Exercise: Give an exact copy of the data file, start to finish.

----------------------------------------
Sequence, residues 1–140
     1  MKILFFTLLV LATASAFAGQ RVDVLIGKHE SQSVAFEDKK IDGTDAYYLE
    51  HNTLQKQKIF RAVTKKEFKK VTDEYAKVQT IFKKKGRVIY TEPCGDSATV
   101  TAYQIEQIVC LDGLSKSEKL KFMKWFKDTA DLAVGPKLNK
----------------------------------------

Sequence, residues 1–140
     1  MKILFFTLLV LATASAFAGQ RVDVLIGKHE SQSVAFEDKK IDGTDAYYLE
    51  HNTLQKQKIF RAVTKKEFKK VTDEYAKVQT IFKKKGRVIY TEPCGDSATV
   101  TAYQIEQIVC LDGLSKSEKL KFMKWFKDTA DLAVGPKLNK